My own things were different. Some things were easy. Beanie Babies went into a special bin because small visitors like to play with them. Other stuffed animals went into the trash, to a charity or back in a box destined for the attic. Inventories were placed in the attic boxes. The bear belonged to ____; she got it for Christmas from Grandma the __________. I made mistakes. I showed my daughter a lovely gray Easter bunny: “Do you remember this?” She frowned and said no. I couldn’t remember whose it was either. After the gray bunny had left for its new home, I found a photo of her, front teeth missing, holding that bunny. Perhaps the photo is enough. Do I have to keep every stuffed animal that ever sat on their beds?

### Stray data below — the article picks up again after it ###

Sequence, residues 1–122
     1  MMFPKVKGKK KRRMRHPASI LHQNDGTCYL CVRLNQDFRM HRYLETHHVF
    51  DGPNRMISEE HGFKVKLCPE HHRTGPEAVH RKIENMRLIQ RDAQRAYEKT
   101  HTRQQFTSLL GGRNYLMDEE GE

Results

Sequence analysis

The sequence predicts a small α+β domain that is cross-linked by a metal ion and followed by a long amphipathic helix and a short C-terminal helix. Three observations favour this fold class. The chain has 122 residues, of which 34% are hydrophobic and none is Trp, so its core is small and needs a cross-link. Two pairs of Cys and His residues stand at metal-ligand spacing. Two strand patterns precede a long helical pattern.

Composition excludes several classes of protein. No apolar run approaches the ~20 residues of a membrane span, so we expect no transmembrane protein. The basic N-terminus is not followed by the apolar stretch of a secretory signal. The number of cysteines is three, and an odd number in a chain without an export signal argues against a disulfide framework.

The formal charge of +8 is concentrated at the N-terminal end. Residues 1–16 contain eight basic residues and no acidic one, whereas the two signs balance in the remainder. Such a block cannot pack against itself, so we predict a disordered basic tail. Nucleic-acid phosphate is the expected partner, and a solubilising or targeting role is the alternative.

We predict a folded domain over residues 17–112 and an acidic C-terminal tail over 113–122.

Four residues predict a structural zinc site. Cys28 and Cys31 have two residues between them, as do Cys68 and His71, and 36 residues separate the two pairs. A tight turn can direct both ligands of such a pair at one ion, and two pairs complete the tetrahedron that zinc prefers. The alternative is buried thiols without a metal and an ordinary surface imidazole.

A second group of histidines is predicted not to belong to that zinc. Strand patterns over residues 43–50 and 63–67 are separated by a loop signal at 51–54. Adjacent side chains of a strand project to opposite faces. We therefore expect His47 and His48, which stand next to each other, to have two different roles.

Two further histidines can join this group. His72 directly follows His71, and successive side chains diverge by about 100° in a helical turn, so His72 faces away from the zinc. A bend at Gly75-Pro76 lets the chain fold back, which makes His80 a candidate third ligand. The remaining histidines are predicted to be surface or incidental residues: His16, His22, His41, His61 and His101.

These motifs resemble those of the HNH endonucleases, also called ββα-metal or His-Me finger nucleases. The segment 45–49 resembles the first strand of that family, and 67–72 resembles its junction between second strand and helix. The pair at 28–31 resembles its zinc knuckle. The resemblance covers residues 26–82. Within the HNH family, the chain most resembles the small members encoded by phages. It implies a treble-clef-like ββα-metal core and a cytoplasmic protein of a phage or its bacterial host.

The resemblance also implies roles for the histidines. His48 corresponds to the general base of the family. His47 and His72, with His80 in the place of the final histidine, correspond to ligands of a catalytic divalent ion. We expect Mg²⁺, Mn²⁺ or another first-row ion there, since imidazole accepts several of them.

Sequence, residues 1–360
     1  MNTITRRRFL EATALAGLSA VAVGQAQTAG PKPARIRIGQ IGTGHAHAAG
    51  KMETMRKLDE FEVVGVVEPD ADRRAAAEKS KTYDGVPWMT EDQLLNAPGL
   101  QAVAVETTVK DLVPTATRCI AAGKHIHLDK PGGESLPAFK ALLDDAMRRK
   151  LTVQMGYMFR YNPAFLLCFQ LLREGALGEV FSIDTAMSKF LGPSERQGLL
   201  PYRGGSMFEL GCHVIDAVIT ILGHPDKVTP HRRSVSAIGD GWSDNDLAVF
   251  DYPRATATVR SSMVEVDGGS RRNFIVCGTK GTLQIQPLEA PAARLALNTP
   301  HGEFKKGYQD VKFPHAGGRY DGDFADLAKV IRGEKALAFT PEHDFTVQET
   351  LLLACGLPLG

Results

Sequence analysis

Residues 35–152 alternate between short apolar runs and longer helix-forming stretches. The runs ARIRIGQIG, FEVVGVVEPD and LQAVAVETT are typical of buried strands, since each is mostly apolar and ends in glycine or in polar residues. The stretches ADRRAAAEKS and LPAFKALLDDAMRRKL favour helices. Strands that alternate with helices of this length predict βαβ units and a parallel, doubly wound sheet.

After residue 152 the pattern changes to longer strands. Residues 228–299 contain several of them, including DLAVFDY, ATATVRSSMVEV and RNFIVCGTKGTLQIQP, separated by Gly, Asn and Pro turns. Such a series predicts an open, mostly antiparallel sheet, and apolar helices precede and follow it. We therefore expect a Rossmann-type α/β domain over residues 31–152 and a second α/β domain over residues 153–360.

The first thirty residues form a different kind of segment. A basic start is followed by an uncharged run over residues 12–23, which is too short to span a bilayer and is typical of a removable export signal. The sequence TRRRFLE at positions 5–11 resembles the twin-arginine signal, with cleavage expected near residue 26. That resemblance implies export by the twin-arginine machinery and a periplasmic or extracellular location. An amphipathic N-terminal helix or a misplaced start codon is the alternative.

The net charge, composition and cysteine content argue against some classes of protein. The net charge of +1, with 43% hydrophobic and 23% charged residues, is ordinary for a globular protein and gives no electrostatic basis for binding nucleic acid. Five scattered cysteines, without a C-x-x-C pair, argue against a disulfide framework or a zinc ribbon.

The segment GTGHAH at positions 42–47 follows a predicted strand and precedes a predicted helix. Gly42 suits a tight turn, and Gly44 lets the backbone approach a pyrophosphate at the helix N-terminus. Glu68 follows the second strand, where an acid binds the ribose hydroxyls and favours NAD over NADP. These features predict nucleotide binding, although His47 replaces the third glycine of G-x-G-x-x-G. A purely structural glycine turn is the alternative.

In cleaning out my past, I found myself evaluating my own decisions. There were things I did well. There were things I did poorly. There were things I should have never done. There were things I never did but should have done. It’s easy to second guess yourself in hindsight. I didn’t have the life I wanted at 18, but I had a life that made me happy.
As I sorted through photos and toys, I could have mourned a life that never was; but I chose to remember the joy in the life I had. I am thankful to have had so much for my life has been rich with people and events. I am at the age where the end could be tomorrow or the end could be thirty years from now. But that’s true of every one. I can’t live life thinking there’s not much left. I have to tackle each day as if I have all the time I need. For that’s exactly what is left: what I need. And it will be splendid.